Crawford County, Pennsylvania

1876 ATLAS 1

         Oil Creek is the southeast corner township.  It was formed in 1820.  Its area is eighteen thousand six hundred and seventy-nine acres.  Oil and Little Oil Creeks are principal streams.  The population, exclusive of Titusville, was, in 1870, two thousand and forty-one—all white but one.
         Among the first settlers in this locality was Jonathan Titus, who came here about 1790.  Samuel Kerr arriving soon after, the two men united in the purchase, from the Holland Land Company, of seventeen hundred acres, now embraced in Titusville.  A rude shelter was improvised until better could be built.  A house built by Titus, which stood in the rear of the Ralston and Harrington Block, was the first substantial residence in the locality.  John Thompson and William Fulton were early settlers at Kerr's Hill.  Fulton sold to William Alcorn.  Andrew Kerr, who had located on Road 12, bought out Alcorn, and moved to the place bearing his name.  James Kerr, son of Andrew, located a five-hundred-acre tract, now owned by Isaac Weed, on Road 18, in 1799.  John Gibson, while on his way, in 1800, to French Creek, with a design of settling there, stopped at Oil Creek to fell a tree on which to cross the stream, and accidentally cut his knee.  He went back to Hydetown, and stopped with Daniel Titus.
         In 1801, William Gibson, father of John, moved into the township with his family, consisting of his wife and nine children.  Thomas Mitchell, of Ireland, accompanied by a family of a wife and four children, moved in on May 6, 1803, and settled on the farm occupied by Joseph Henderson, a grandson.  John McIntyre was another of the early settlers.
         Oil Creek Borough, known as Hydetown, was first settled by Peter and Daniel Titus, brothers to Jonathan.  Each took up four hundred acres.  The borough is on Oil Creek, three and one-half miles north of Titusville.  It was incorporated as a borough in 1869, and is a growing town.  The first saw-mill at this point was put up by Charles Ridgway, a settler in 1797, from Fayette County.  A store and trading post was established here by Captain Sheffields in 1816.  This settlement was on the route pursued by the Indians to their camps at Sandusky, Ohio, and Sheffield bought their furs and sold them goods for some years.  Sheffield finally sold out to Joseph S. Chase, son of a Presbyterian minister.  The first postmaster was Samuel Kerr, appointed in 1818, and serving ten years.  Salaries were such as would not bear reduction.  Rev. Amos Chase organized the first church, and it is said of him that he was the founder of over thirty churches in western Pennsylvania.  In 1847 there was at Titusville a town of two hundred and seventy-five inhabitants, located in a lumber region.  Joseph Care was known as the owner of a grist-mill and saw-mill, a woolen-mill, and machinery for carding and for weaving.  Brewer, Watson & Co. were proprietors of a second saw-mill at the place.  During this year three commissioners, William Robinson, John M. Titus, and Salmon P. Chase, were appointed to lay off the boundaries of Titusville, and it was incorporated as a borough.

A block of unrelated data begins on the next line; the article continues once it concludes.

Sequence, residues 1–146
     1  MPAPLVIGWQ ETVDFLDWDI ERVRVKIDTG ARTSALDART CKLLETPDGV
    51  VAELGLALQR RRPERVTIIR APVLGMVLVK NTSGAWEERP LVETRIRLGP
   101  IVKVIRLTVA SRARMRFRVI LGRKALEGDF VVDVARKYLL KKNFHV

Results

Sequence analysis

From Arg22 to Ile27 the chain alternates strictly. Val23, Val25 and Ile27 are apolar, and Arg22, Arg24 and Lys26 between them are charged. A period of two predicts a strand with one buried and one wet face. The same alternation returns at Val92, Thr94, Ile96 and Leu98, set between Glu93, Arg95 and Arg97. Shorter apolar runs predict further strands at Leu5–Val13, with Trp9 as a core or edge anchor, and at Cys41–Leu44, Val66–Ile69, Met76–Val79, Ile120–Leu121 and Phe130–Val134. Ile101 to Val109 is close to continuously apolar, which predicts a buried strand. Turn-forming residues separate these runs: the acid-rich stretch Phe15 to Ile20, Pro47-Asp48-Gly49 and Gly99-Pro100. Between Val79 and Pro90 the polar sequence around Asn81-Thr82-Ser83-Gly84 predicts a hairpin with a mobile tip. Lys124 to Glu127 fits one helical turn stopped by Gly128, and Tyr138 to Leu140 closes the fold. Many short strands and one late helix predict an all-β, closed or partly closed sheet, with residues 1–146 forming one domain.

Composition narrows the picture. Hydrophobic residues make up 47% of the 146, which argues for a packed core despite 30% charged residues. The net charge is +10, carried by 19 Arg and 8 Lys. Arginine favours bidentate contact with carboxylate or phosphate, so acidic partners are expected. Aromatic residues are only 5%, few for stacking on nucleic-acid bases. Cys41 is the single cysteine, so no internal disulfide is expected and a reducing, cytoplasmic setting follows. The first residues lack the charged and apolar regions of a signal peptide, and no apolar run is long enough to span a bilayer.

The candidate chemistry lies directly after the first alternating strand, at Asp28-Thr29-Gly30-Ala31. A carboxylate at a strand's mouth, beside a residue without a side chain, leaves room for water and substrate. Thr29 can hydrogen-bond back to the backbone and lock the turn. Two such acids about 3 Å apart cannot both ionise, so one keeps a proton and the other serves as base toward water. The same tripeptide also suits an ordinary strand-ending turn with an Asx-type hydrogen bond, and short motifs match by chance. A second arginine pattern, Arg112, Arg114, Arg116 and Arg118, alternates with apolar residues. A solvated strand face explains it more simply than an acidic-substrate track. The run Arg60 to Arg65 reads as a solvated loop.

The discovery of oil on August 28, 1859, directed public attention to this section, and Titusville became a city of shanty-hotels and fictitious oil companies.  The place was incorporated as a city in 1867, and has grown to a population of ten thousand persons.  In 1875, one meets upon the outskirts structures of hasty build and aged look, betokening premature and abandoned growth; but, further on, the smell of oil pervades the air, huge tanks are brimmed with oil; tall chimneys exude black clouds of carbon, and nine large refineries are at work, doing a business exceeded only by Cleveland.  These refineries are at present manufacturing 17,900 packages per week, distributed as follows:  Easterly & Davis, organized 1870, refine 1500 per week; Pickering, Chandler & Co., organized 1868, refine 2400 per week; Acme Works, Porter, Moreland & Co., organized 1867, refine 6500 per week; Octave Oil Co., organized 1872, refine 2200 per week; J. H. Reed, organized 1865, refine 1000 per week; Caddam & Donahue, organized 1865, refine 400 per week; John Jackson, organized 1865, refine 600 per week; J. A. Scott, organized 1868, refine 500 per week; and Bennett, Warner & Co., organized 1870, refine 3000 per week.
         Eastward, solid business blocks show substantial prosperity.  The hills are dotted with residences, and southward, whence comes the oil wealth, the houses extend down the valley.  Wide streets are gas-lighted, and paved with wood.  Holly Water-Works give property protection from the ravages of fire.  A dozen churches show the presence of religious people; costly school structures betoken an interest in education.  There is a Board of Trade, an Oil Exchange, and five banking institutions.  The "Herald" and "Courier" represent the press. Two large iron works employ hundreds of hands in a variety of manufacture.  Hotels are numerous, and grade in quality to the very best.  Three railroads enter the city, and furnish transportation to and from the oil region.  Wealthy operators are city residents, and expend their means in adorning private residences and public offices.  The discovery of wells flowing one hundred and seventy-five barrels per day within three miles of the city, and the gigantic trade in the treasure of the rocks, indicate a lasting and increased prosperity for the city of Titusville.

1 Combination Atlas Map of Crawford County, Pennsylvania, Compiled, Drawn and Published From Personal Examinations and Surveys (Philadephia: Everts, Ensign & Everts, 1876), 25.